Spitzer Calls on MTA to Retain $2 Base Fare

Governor Eliot Spitzer has "directed" the MTA to keep the base fare for subway and bus rides at $2. City Room reports, however, that Spitzer held out the possibility for increases in unlimited ride card rates at a press conference held this morning.

Eliot_Spitzer.jpgMr. Spitzer said it was possible to keep the base fare at $2 through
2009 — and avoid an increase to $2.25, as the authority proposed for
early next year — because the authority had suddenly identified an
additional $220 million in unforeseen revenue. The $220 million
includes, Mr. Spitzer said, $60 million from increased ridership, $60
million from higher-than-anticipated real estate tax revenues, $60
million in savings and $40 million in lower-than-expected debt service

“We have come to the conclusion that the entirety of that $220 million
should be used to mitigate any need for a fare increase,” Mr. Spitzer
said in a morning news conference at his Midtown office. But he quickly
made it clear that he was referring only to the base fare.

In reality, only a small fraction of riders pay the full $2 fare.
Most commuters buy the 7-day or 30-day unlimited-ride MetroCards, and
many tourists use the one-day FunPass. The chief executive of the
authority, Elliot G. Sander, said that its financial staff needed to do
a new set of calculations to determine how the cost of unlimited-rides
cards — along with commuter rail fares and bridge and tunnel tolls —
would change under the plan.

But Mr. Spitzer said he expected that any increases on those fares
and tolls would be “significantly reduced” from what the authority had
originally envisioned.

So, as City Room commenters have pointed out, while one-shot fares — largely paid by out-of-towners — should remain the same for the time being, regular transit customers could still see an increase, albeit a "significantly reduced" one.

And again, it appears that neither Spitzer nor MTA chief Lee Sander took the opportunity to cite congestion pricing as a boon to the city’s transit system.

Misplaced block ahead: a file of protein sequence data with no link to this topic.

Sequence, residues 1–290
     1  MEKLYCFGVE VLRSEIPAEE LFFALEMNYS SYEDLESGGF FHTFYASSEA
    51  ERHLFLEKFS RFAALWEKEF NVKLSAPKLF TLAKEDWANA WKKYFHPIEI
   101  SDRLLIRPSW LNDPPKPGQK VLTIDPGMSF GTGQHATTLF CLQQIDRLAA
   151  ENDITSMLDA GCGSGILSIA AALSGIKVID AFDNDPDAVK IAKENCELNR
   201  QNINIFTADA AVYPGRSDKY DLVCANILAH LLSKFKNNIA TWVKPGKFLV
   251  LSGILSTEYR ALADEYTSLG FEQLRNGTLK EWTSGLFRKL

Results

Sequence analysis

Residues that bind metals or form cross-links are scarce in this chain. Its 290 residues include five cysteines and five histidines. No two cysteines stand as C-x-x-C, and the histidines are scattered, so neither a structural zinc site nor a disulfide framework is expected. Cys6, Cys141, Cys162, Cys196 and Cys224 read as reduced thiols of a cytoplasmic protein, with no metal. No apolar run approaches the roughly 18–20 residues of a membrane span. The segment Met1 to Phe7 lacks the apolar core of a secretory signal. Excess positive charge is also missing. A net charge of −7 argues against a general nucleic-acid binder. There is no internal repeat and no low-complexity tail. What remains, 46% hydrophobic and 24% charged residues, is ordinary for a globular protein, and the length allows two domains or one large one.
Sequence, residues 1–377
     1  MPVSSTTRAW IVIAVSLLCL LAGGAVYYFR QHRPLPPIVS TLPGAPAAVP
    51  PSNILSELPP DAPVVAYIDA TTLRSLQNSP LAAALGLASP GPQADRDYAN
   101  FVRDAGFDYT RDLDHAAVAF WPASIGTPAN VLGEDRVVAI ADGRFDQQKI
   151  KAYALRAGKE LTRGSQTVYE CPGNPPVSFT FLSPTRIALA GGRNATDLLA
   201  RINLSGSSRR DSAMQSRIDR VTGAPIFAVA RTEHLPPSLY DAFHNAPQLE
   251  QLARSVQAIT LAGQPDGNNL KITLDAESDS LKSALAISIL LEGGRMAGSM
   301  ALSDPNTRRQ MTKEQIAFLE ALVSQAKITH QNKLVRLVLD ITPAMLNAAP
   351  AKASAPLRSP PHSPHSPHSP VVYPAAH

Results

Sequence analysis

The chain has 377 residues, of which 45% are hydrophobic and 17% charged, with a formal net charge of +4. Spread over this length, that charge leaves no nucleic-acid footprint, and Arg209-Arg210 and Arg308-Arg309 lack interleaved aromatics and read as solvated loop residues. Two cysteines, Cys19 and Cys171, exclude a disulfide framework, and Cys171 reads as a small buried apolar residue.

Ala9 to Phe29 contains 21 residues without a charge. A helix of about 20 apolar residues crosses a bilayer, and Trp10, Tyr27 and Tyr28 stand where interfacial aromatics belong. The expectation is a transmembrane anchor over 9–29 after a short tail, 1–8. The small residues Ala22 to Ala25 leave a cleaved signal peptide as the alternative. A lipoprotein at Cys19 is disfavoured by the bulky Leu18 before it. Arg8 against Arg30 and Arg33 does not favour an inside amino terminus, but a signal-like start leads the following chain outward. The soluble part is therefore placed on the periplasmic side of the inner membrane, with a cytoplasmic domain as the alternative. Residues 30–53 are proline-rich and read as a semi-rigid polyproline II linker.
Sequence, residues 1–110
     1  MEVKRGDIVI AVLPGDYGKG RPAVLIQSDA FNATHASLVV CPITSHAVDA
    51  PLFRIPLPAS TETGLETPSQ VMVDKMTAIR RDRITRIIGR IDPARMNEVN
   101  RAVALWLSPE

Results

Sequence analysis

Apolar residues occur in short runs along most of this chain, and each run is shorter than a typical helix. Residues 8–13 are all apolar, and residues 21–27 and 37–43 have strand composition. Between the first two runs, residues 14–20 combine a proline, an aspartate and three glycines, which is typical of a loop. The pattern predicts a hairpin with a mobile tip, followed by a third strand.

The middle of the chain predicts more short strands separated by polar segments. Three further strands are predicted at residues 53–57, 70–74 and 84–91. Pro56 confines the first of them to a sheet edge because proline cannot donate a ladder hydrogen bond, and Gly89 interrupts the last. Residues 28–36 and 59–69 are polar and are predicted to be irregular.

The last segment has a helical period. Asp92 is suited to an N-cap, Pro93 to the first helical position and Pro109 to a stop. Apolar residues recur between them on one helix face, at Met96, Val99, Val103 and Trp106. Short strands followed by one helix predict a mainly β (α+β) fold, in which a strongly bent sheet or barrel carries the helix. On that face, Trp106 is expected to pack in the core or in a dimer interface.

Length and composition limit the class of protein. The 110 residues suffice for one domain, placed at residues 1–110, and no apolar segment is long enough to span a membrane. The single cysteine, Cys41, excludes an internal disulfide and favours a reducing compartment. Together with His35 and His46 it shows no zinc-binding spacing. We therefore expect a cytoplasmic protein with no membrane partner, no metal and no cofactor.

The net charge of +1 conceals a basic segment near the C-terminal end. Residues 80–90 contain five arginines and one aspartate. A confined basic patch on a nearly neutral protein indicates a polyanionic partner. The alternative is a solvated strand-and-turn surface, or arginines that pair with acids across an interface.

• Larry Littlefield

    In the confernce on Saturday, Sander said service cuts are unacceptable. In reality, it appears that fare increases are unacceptable.

    Perhaps the MTA should consider draining down all its cash reserves and then slashing service. That appears to be the only poltically acceptable option.

  • AG

    Actually, I think more tax payer subsidies would be acceptable to many.

    What the NY should do is put tolls on the East River bridges and use the money to subsidize subway fares.

  • Mark Fleischmann

    There are lots of people who pay the $2 fare and are not tourists. We’re the ones who use the system but not every day. In my case, it’s because I’m a work-at-home employee and needn’t commute. I use transit anywhere from one to three times a week. I buy the $10 and $20 fare cards with “free” trips and take advantage of free transfers when they’re available.

  • Jonathan

    Mark, good news! You are not paying the $2 fare, rather you are paying $1.67 (or less, if you choose to count the transfers) per ride.

  • Jason A

    It would be a shame if, in the push to stop the hike, the MTA’s own “congestion pricing” scheme falls by the wayside.

    The L, the 4,5,6 and the E are laughably crowded. In the absence of an aggressive (and costly) plan to expand service, I don’t see how the MTA solves this problem:


    I think the MTA deserves credit for offering a novel solution to the growing number of trains that are operating past capacity. It’s unfortunate this plan has gotten ignored admidst all the noise surrounding the hike…

  • Mark Fleischmann

    Thanks, Jonathan! Need to brush up on my arithmetic…

  • Larry Littlefield

    (Mark, good news! You are not paying the $2 fare, rather you are paying $1.67 (or less, if you choose to count the transfers) per ride.)

    Right, but the MTA has received zero credit for this, or for the unlimited ride cards. Where has anyone said the fare has plunged relative to inflation, while labor costs (driven by retirees not workers) has risen faster than inflation?

    The right thing to do is to eliminate the unlimited ride cards and the 5 for 6 discount, implement the lower $1.50 fare off peak, and say that fares have been cut to the level of 1995 for all but the peak hours.

    The 5/6 Metrocard discounts may have made sense when the MTA was trying to get people to use Metrocards. It makes less sense now. Similarly, free travel above a certain point may have made sense when it was assumed that more ridership meant more tax support. That has been debunked.

    At this point, the MTA cannot take more peak riders, and people would rather avoid paying than expand the system. The one discount that remains sensible is for off-peak usage.

  • Brad Aaron

    Fare increases don’t fry me nearly as much as the fact that my wife, a public school teacher, could pay more for her 30-day Metrocard while her colleagues who drive to work will retain their free parking privileges. This is insane.